When organizations consider cyber security, they usually focus most of their attention on technology, partly because that is what the market pushes them towards. In my view, however, 50% of cyber security is cultural, 30% process and just 20% technology.
Cyber security is an arms race and the boards of all organizations need to take it seriously. Frankly, if it isn't one of the key items on a board's risk register, that board is asleep at the wheel. But many of the right responses on culture and process are neither new, nor are they particular to cyber security.
On culture, the insider threat has long been a problem for organizational security. British government posters during the Second World War reminded citizens that 'Careless talk costs lives', with one 1940 Ministry of Information poster also having someone telling a friend 'Don't forget that walls have ears!' in front of wallpaper patterned with Adolf Hitler's face.
But 'careless talk' is now something that millions of people indulge in, assuming that they can share everything through social media. While some may be put off by recent coverage of how their data is used, many people are in the habit of sharing their personal and professional lives online by default.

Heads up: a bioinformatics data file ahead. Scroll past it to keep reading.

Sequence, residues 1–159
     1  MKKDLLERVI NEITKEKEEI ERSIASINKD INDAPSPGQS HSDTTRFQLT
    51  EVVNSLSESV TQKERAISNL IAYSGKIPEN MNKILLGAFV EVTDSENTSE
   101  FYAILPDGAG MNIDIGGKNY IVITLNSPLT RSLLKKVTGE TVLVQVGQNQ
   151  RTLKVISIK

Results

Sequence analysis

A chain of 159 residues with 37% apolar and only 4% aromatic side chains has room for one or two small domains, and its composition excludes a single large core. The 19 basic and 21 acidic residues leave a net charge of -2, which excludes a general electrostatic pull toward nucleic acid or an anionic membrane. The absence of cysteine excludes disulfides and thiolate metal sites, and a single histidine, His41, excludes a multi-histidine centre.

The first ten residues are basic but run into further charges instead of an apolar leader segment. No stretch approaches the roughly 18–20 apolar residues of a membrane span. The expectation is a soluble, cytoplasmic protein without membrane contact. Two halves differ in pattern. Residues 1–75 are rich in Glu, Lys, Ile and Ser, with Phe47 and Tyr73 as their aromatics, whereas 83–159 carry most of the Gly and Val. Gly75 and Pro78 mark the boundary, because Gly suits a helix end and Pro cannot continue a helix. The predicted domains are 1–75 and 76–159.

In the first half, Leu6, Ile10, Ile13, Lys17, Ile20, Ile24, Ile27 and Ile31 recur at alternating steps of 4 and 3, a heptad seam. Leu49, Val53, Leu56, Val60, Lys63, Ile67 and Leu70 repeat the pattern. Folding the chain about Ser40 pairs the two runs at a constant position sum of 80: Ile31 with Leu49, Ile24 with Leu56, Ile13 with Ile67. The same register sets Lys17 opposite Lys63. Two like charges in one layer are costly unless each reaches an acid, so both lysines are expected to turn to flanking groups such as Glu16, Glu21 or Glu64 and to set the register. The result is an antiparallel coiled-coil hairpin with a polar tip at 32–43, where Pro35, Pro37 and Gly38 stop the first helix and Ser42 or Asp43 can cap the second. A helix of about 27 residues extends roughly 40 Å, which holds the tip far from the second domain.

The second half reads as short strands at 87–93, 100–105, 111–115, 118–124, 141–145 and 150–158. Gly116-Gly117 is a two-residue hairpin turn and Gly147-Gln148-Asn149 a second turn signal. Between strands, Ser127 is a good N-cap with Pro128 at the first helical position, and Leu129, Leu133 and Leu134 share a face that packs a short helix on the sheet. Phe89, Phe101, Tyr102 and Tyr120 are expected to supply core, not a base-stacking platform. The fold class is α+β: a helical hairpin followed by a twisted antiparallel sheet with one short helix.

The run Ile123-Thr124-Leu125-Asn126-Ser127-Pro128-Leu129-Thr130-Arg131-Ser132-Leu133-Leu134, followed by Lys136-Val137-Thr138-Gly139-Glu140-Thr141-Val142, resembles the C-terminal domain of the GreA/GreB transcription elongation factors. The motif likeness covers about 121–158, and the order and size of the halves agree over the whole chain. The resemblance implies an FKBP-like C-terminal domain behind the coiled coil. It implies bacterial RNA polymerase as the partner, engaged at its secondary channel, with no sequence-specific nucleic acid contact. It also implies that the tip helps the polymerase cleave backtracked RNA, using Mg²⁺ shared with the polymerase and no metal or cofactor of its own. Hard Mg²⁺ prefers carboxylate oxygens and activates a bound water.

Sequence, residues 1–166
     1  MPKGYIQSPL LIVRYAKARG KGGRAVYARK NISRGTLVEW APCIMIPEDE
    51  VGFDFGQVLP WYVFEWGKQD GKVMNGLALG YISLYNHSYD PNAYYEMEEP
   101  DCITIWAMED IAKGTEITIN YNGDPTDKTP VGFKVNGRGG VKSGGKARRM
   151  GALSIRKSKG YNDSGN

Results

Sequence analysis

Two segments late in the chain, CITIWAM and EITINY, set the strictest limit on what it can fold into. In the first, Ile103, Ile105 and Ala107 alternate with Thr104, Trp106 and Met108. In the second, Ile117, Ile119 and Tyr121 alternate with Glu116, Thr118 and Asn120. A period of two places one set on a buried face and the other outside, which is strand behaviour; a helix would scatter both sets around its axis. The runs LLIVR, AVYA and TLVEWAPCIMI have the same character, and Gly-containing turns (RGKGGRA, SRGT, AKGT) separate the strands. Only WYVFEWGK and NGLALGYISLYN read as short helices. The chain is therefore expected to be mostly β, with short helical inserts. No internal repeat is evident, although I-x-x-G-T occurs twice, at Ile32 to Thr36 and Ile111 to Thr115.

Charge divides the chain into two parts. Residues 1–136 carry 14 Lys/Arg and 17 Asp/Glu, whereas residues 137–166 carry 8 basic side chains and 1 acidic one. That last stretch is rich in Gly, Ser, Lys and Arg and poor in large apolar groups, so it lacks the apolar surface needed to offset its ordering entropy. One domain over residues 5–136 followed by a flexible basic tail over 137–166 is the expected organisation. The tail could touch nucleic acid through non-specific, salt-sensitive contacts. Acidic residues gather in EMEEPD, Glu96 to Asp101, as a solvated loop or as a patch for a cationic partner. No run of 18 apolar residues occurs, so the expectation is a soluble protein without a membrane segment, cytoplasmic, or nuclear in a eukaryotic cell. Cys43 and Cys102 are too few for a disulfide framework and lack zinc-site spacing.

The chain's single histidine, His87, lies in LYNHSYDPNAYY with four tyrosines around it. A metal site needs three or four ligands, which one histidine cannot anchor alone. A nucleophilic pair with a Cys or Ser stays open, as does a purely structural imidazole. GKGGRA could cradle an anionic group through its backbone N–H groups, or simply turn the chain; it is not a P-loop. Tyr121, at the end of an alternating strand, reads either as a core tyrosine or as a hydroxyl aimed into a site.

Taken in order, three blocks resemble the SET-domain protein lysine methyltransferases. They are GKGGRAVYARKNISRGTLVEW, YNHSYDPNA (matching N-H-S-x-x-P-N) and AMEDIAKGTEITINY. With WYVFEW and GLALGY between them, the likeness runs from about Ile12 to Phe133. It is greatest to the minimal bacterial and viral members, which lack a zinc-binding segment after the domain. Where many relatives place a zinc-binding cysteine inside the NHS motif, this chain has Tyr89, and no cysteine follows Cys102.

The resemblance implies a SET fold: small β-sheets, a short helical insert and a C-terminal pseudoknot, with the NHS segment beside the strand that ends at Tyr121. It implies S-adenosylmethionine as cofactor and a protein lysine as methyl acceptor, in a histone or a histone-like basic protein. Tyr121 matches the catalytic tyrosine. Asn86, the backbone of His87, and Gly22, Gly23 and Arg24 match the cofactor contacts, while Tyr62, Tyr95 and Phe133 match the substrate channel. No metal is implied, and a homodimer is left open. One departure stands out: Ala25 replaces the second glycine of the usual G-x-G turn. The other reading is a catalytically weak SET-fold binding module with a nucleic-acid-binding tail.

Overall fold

To help tackle this, organizations need education - not just about cyber threats such as phishing, but more broadly about how you treat any form of information sharing or access. It might not matter if an employee posts a picture of themselves online, but it might matter very much if it includes a screen showing sensitive information or a sticky note with a password. Educating people on this is not just about cyber security but how you treat any form of information sharing or access.
The onus is also on security professionals to consider how employees actually behave rather than how they believe they should. According to the UK's National Cyber Security Centre (NCSC) British citizens have an average of 22 online passwords, far more than most people can realistically remember. So they reuse them, using the same password for an average of four websites1. Many of these passwords will be weak ones, with research based on five million leaked in 2017 suggesting that the favorite choices remain '123456' followed by 'password'2.
Security professionals can help with more user-friendly authentication processes. NCSC backs the use of password management software for individuals, which can generate strong passwords for each service - it is more likely that users can remember a single strong master password than two dozen. For organizations, a single sign-on service provides a similar option. NCSC also discourages organizations from forcing users to change passwords regularly, on the grounds that many people will use a similar weak one as the replacement3.
There are also technology-focused approaches for spotting insider threats, such as behavior analysis, a useful technique that I will discuss in a future article.